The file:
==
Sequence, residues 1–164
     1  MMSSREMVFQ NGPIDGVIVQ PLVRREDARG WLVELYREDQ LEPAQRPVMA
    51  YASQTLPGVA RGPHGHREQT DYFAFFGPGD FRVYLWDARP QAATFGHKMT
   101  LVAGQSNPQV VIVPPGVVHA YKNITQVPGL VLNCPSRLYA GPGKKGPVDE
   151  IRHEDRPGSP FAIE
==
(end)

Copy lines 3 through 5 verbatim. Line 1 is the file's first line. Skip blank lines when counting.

    51  YASQTLPGVA RGPHGHREQT DYFAFFGPGD FRVYLWDARP QAATFGHKMT
   101  LVAGQSNPQV VIVPPGVVHA YKNITQVPGL VLNCPSRLYA GPGKKGPVDE
   151  IRHEDRPGSP FAIE